7. What’s the best thing about being an author?

I love living in the story world while I write, and even though it can be difficult, I love sculpting a book until the characters, setting and plot come across as much like the vision in my head as I can get it. It is wonderful, and scary too, when others read the story and it comes alive in their heads and to get feedback on how the world grew and changed in their imagination is magical.

8. What’s your all time favourite horror movie and why?

I can’t possible name one. Night of the Living Dead, and the original Romero trilogy, fostered my love (and fear) of zombies, and showed me how well social commentary can be integrated with horror while remaining a compelling, entertaining story. The original Body Snatchers from the 1950’s changed the way I looked at other people. John Carpenter’s The Thing complimented that fear of others and added in body grotesques to be afraid of too.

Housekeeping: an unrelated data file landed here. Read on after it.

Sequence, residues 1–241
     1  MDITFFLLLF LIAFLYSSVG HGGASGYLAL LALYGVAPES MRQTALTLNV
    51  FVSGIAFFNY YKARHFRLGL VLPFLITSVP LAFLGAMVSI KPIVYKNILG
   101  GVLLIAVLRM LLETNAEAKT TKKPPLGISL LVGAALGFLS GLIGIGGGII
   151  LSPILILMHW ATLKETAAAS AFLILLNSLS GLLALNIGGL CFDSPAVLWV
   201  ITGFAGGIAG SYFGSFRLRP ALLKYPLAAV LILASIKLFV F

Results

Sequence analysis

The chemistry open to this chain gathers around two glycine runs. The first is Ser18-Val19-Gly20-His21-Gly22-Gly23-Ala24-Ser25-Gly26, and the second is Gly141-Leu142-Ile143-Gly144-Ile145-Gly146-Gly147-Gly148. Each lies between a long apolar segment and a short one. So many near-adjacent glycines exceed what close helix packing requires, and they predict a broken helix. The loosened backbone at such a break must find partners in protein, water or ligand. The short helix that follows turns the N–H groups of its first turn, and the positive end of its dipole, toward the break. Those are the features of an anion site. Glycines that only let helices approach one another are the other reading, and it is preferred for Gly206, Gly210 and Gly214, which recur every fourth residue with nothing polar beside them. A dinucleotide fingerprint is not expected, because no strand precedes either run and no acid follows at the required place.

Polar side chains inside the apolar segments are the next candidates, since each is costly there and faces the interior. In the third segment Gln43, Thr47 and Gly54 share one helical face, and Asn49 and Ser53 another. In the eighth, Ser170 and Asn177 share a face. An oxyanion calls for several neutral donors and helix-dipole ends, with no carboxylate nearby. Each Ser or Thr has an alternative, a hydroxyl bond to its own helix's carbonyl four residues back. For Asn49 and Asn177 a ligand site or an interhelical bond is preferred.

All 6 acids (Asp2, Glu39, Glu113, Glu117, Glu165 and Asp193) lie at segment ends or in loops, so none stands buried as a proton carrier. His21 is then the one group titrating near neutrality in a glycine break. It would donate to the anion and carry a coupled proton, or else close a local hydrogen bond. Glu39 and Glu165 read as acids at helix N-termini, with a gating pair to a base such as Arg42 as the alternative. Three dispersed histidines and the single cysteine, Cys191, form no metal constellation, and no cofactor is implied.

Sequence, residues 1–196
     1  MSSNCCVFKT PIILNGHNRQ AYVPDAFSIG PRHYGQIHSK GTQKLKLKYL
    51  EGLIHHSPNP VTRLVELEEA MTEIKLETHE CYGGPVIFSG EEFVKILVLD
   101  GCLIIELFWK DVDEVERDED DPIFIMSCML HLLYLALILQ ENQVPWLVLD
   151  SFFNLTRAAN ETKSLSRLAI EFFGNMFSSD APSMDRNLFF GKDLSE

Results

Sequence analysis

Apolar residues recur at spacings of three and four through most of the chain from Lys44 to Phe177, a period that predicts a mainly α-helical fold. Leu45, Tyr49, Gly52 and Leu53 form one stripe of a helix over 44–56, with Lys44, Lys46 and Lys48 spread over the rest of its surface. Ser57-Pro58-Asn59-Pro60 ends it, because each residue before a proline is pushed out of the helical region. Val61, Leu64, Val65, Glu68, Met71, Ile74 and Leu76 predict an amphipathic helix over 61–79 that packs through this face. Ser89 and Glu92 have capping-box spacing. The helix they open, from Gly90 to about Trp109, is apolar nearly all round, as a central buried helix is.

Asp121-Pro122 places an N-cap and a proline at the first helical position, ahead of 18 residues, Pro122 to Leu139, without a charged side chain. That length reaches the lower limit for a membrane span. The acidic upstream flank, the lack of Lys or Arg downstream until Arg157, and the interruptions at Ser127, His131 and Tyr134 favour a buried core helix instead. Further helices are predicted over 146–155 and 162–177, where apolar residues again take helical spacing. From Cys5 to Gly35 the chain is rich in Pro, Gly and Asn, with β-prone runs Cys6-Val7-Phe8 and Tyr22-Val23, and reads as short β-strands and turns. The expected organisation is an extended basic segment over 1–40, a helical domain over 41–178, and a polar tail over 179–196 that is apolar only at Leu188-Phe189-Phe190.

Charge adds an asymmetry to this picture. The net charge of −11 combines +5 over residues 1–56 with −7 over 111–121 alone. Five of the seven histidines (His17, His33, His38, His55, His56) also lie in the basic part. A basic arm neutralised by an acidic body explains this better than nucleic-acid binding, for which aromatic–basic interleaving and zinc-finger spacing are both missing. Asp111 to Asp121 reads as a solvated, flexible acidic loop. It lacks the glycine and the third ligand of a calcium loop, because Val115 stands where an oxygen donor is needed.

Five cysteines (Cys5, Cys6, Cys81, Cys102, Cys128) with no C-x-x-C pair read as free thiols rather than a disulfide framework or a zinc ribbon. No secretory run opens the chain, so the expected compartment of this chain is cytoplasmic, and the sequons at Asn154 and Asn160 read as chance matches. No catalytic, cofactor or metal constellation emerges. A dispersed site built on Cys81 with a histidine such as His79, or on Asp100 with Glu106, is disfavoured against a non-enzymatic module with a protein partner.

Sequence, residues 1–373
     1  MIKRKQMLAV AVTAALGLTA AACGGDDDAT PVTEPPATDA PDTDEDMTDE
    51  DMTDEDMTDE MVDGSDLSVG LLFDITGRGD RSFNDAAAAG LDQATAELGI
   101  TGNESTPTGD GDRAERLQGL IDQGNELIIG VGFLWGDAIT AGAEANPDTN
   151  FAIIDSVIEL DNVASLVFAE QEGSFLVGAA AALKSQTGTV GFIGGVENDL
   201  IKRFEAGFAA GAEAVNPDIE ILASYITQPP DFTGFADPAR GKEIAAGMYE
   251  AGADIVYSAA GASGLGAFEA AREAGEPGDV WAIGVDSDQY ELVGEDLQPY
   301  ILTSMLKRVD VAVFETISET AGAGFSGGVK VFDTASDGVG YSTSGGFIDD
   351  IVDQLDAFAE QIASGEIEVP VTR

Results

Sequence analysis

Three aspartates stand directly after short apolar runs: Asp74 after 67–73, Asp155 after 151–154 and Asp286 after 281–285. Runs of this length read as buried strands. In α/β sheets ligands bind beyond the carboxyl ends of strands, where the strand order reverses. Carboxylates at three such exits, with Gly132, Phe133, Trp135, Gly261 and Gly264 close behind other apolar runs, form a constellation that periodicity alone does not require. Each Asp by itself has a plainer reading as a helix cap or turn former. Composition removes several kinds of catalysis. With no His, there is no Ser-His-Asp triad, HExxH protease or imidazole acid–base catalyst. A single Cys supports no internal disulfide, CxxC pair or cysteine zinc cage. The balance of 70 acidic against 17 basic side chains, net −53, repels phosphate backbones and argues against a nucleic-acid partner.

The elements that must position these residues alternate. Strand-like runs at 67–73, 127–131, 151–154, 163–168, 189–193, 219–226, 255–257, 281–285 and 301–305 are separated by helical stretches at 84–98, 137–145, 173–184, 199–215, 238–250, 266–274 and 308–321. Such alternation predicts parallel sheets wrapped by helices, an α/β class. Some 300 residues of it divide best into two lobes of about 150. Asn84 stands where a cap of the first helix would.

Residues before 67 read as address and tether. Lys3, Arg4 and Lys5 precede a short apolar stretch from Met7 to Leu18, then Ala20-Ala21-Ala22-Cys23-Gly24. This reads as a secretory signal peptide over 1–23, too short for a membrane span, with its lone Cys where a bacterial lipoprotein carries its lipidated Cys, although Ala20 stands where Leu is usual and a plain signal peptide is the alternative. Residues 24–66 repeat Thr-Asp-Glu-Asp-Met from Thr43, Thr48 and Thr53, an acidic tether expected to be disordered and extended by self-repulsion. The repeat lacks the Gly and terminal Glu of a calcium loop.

Dan: They are great picks. The Thing is pure brilliance. 

9. You’re a great book reviewer and everyone should check out your blog. In your opinion, who’s an indie author everyone should be reading (apart from yourself, of course)?

There are so many! There is a certain author called Dan Soule who I think everyone should read. If I had to pick one, who wasn’t either of us, I’d have to say Joseph Sale. I love his work. It is so richly layered and has such deep meaning, as well as being highly entertaining on a surface level. I also love his mash up of fantasy, horror and science fiction.
Dan: lol, I’ll send you the Euro’s via PayPal later;) Thanks for that. Yeah, Joe Sale is great and varied too in his work. His interview is coming up next week actually, so keep an eye out for that everyone.

10. What’s the first horror novel you remember reading? What impression did it make on you?